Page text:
Iranians hacked US companies, sent ransom demands to printers, indictment says
Three Iranian nationals charged with hacking into US-based computer networks sent ransom demands to the printers of at least some of their victims, according to an indictment unsealed today. The ransom demands allegedly sought payments in exchange for BitLocker decryption keys that the victims could use to regain access to their data.
The three defendants remain at large and outside the US, the DOJ said.
“The defendants’ hacking campaign exploited known vulnerabilities in commonly used network devices and software applications to gain access and exfiltrate data and information from victims’ computer systems,” the US Department of Justice said in a press release. Defendants Mansour Ahmadi, Ahmad Khatibi, Amir Hossein Nickaein “and others also conducted encryption attacks against victims’ computer systems, denying victims access to their systems and data unless a ransom payment was made.”
The indictment in US District Court for the District of New Jersey describes a few incidents in which ransom demands were sent to printers on hacked networks. In one case, a printed message sent to an accounting firm allegedly said, “We will sell your data if you decide not to pay or try to recover them.”
In another incident, the indictment said a Pennsylvania-based domestic violence shelter hacked in December 2021 received a message on its printers that said, “Hi. Do not take any action for recovery. Your files may be corrupted and not recoverable. Just contact us.”
Khatibi later “sent an email to a representative of the Domestic Violence Shelter asking for payment of one Bitcoin,” the indictment said. The shelter ultimately paid the equivalent of $13,000 to the hacker’s Bitcoin wallet, the indictment said, adding that Khatibi then “provided decryption keys to enable the Domestic Violence Shelter to restore access to its systems and data.”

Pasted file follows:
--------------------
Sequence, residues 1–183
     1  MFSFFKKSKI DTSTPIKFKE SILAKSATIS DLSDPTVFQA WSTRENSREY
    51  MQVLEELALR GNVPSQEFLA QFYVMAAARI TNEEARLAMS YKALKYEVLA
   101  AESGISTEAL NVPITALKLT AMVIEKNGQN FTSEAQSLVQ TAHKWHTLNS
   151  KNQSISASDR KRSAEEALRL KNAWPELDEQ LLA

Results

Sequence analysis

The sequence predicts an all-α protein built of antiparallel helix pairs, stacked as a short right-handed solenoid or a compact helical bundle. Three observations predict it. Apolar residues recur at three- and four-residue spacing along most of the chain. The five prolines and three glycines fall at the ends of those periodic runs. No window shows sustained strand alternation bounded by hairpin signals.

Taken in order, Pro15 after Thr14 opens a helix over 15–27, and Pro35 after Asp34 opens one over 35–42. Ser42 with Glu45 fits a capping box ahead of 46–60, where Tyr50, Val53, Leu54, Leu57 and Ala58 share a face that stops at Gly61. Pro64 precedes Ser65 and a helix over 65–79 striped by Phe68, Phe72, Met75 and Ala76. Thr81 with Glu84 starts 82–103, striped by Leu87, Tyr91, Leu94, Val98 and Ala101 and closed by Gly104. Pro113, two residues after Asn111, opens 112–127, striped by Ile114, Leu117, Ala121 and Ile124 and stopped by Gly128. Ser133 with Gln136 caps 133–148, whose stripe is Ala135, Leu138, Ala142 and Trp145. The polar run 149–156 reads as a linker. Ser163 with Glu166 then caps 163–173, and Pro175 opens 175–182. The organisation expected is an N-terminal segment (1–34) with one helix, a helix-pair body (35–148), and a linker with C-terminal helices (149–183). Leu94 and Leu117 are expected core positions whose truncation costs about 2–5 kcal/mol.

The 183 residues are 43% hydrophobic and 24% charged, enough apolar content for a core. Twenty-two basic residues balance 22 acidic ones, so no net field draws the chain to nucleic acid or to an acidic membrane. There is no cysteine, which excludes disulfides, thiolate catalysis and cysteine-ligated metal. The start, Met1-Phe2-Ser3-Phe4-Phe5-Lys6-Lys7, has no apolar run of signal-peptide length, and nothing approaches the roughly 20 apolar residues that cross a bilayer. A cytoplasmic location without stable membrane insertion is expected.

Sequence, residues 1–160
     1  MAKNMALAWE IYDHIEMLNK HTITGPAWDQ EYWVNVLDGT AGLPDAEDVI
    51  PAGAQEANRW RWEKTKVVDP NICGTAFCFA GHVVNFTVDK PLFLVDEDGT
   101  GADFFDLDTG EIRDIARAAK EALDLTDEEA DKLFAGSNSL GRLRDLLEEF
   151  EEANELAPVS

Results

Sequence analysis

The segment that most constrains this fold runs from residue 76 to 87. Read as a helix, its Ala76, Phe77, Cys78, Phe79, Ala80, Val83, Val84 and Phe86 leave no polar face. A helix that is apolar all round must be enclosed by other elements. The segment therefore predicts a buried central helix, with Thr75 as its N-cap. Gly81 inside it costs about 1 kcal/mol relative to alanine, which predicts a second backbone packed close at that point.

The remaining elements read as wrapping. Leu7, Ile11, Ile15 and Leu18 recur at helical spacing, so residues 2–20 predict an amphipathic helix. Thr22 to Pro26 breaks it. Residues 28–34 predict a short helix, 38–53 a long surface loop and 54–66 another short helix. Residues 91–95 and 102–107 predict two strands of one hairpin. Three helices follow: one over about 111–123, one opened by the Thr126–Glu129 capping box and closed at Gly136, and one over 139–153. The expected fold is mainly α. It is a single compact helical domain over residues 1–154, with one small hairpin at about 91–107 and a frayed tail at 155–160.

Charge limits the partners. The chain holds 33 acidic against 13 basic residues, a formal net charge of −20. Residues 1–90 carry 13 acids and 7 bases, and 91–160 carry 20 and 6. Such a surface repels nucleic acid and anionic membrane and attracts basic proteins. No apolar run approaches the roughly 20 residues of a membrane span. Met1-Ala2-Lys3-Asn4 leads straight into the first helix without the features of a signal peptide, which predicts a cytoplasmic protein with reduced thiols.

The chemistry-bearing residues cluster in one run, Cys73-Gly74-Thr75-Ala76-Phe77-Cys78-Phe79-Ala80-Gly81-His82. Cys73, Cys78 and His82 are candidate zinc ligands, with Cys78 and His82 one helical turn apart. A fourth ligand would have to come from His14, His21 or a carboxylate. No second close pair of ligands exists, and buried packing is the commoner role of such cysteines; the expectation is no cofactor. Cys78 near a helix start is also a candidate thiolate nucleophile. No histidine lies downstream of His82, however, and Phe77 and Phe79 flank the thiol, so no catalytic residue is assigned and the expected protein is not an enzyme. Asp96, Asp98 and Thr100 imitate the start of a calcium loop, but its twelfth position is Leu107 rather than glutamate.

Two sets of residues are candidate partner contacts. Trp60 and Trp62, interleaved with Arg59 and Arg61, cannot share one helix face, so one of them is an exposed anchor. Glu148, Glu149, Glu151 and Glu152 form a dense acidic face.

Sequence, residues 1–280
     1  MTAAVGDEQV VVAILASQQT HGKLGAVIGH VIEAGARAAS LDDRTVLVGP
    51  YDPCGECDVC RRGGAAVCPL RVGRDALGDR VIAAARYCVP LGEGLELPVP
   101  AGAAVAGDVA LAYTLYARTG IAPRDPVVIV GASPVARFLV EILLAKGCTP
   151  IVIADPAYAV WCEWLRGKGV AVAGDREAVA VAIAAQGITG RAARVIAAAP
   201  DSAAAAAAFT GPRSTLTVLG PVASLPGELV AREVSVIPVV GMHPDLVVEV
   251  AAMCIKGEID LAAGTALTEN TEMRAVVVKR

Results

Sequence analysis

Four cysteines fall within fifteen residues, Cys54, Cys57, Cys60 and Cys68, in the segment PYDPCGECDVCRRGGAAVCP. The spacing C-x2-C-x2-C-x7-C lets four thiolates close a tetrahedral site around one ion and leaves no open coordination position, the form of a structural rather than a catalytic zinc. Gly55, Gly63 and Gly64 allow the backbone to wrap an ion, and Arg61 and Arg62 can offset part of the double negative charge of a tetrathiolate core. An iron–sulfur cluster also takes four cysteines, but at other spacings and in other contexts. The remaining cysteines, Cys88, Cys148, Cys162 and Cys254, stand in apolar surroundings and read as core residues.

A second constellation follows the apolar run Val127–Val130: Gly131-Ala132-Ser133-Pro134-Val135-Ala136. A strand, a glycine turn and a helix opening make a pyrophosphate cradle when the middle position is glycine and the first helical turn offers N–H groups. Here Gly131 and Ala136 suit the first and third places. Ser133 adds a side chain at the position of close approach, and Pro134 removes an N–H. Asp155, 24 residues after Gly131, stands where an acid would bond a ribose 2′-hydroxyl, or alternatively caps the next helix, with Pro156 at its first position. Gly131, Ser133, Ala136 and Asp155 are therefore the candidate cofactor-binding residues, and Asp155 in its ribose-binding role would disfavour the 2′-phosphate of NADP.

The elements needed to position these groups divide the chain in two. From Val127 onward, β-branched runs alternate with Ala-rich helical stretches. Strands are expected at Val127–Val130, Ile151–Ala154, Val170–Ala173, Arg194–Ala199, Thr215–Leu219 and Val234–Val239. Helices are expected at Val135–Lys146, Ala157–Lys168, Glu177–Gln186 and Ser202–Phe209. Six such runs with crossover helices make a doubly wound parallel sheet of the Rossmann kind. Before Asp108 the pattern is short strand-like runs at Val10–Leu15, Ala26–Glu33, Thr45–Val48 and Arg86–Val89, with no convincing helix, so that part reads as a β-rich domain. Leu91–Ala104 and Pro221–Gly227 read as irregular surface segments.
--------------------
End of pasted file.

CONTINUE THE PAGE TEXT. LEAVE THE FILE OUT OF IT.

Before sending the ransom demand, “a member of the conspiracy gained unauthorized access to the Domestic Violence Shelter’s computer system and launched an encryption attack by activating BitLocker, thereby denying the Domestic Violence Shelter access to some of its systems and data,” the indictment said. BitLocker is an encryption tool used in Windows.
“YOU HAVE TO CONTACT US IMMEDIATELY”
Victims included small businesses, government agencies, nonprofit programs, educational and religious institutions, and “multiple critical infrastructure sectors, including health care centers, transportation services and utility providers,” the DOJ press release said. The three indicted hackers and co-conspirators “collected payments in Bitcoin and other cryptocurrencies from certain victims that paid the ransom to decrypt their data,” the indictment said.
The Iranians hacked networks in several countries, “gain[ing] unauthorized access to the computer systems of hundreds of victims in the United States, the United Kingdom, Israel, Iran, and elsewhere,” the DOJ said. The US agency accused Iran’s government of “creat[ing] a safe haven where cyber criminals acting for personal gain flourish and defendants like these are able to hack and extort victims, including critical infrastructure providers.”
In April 2021, “Nickaein sent a ransom demand communication to the printers” of an Illinois company referred to as “Accounting Firm 2,” the indictment said. The ransom demand allegedly told the firm to contact an email account controlled by Nickaein and included the following text:
IF YOU ARE READING THIS, IT MEANS YOUR DATA IS ENCRYPTED AND YOUR PRIVATE SENSITIVE INFORMATION IS STOLEN!
READ CAREFULLY THE WHOLE INSTRUCTIONS TO AVOID ANY PROBLEMS
YOU HAVE TO CONTACT US IMMEDIATELY TO RESOLVE THIS ISSUE AND MAKE A DEAL!
We will sell your data if you decide not to pay or try to recover them.
Before sending the ransom demand, Nickaein hacked into the company’s network, “stole data, and launched an encryption attack using BitLocker, thereby denying Accounting Firm 2 access to certain of its systems and data,” the indictment said.
This is not the first hacking campaign to use the tactic, sometimes called “print bombing,” of sending ransom demands to printers on the infected network.
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